Link’s self-discovery as a true hero, and a vibrant cast from Zelda to Groose create deep resonance with the characters. Accompanied by a soundtrack that plays like a John Williams score, the progression of this game is exhilarating. Even the second time around. 


If you loved the idea of this game, but felt it didn’t reach its potential, try the Switch version. 

If you’re a Zelda collector/fanatic, then of course you’re going to get the remaster + Amiibo. 

If you hated the original and plan to constantly compare the remake to BotW, Skyward HD will disappoint. 

But if you’ve never played it before, what better introduction to Skyward Sword than this new, polished version? This is the origin story in the Zelda timeline, after all. Don’t you want to see where it all began?

I’m a writer and creative professional who loves pop culture, music, games, and anything else that allows people to express themselves and share their passion.

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Why Every Game Doesn’t Need to Be Open-World

Jesse Hoyt



We’re all familiar with “open-world” being a buzzword in big gaming presentations and it used to be that this phrase was exciting and interesting, especially as we moved on to newer technology. You’ll find that some of the best video games available are games with sprawling maps that are absolutely filled to the brim with side activities and locations to discover. It’s always engrossing and there’s a ton of fun to be had, if it’s done right that is. Breath of the Wild, The Elder Scroll series, and Grand Theft Auto have been huge successes and take up top spots in greatest of all-time lists across the board. In the last decade though, hearing a game is open-world can be sort of a red flag. The market is oversaturated with lackluster and boring games that don’t offer anything but a massive map.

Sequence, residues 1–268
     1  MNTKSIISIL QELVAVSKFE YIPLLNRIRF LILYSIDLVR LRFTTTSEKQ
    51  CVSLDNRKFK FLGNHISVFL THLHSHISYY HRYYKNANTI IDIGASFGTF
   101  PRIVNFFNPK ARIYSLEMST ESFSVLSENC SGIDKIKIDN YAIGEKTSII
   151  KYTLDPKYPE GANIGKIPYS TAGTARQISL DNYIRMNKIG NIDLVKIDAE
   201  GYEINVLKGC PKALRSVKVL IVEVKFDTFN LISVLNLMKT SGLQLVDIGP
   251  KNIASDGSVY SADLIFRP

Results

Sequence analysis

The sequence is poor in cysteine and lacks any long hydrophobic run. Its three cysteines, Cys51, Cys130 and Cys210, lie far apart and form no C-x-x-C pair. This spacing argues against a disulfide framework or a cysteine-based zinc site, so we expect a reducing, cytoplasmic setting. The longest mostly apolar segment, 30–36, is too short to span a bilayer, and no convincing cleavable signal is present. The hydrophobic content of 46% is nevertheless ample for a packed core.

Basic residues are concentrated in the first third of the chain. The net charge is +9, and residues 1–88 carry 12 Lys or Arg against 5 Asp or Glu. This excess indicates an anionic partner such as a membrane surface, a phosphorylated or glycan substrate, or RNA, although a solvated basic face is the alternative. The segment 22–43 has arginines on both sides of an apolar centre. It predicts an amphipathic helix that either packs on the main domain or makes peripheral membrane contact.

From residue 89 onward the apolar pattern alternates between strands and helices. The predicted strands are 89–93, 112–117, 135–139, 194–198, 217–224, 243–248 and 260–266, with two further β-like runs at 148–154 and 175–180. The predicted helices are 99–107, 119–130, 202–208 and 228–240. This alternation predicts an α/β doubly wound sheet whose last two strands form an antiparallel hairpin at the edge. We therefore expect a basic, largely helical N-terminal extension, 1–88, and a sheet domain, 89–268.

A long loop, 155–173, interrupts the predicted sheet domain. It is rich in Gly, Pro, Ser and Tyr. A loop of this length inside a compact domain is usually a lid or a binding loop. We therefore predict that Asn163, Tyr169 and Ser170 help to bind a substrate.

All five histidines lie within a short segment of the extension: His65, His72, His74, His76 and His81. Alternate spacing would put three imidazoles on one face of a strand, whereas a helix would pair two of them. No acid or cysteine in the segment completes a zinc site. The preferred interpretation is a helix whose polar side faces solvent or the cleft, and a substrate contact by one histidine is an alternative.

Open-World Games are a Time Stealer

As I’ve gotten older and had less time to enjoy new games, I get more apprehensive about the latest and greatest open-world games. I’m the type of person who has a hard time getting invested in games requiring 30+ hours to complete. Dumping time into a game that turns out to be mediocre is extremely disheartening. That’s one of the biggest problems with games like these: the time investment is too large. That’s not to say that these games are bad, but they just have too much stuff to do. Of course, a high-quality game can definitely make that time spent worth it, but the real issue is an open-world setting combined with a lackluster game.

Lackluster Worlds

One of the most prolific gaming disappointments is CyberPunk 2077. Now, I won’t say that the world is lacking, but I had to quit playing it because of the horde of glitches and bugs. CyberPunk isn’t the only game to do this; it was just the latest. That’s a problem. Really, for a good chunk of games, an open world is superfluous and actually serves to take away from the experience. For example, the original Watch_Dogs had a lot of potential. A more intense focus on creating a gripping story instead of an incredibly boring open world could have made for a much better game. The point is that so many games suffer in multiple areas because of such a hard focus on creating a map with a bunch of mileage.

Open-Market Open-World Saturation

One of the problems is that when a game gets the open world right, they frequently knock it out of the park. That means that everyone follows suit and just goes for a barebones version of the same thing and we end up with things like Ghost Recon: Breakpoint and Anthem. After massive successes from other developers, the market has been flooded with new open-world games that don’t hit the mark at all. Every other game you see these days is some open-world game trying to emulate the Elder Scrolls. 

The Wrap-Up

I don’t hate open-world games, I just wish there was a higher concentration of great games and that they didn’t push great linear games out of the conversation. Spending a ton of hours on a game that turns out to be not great is disheartening and makes me avoid these types of games more than I’d like.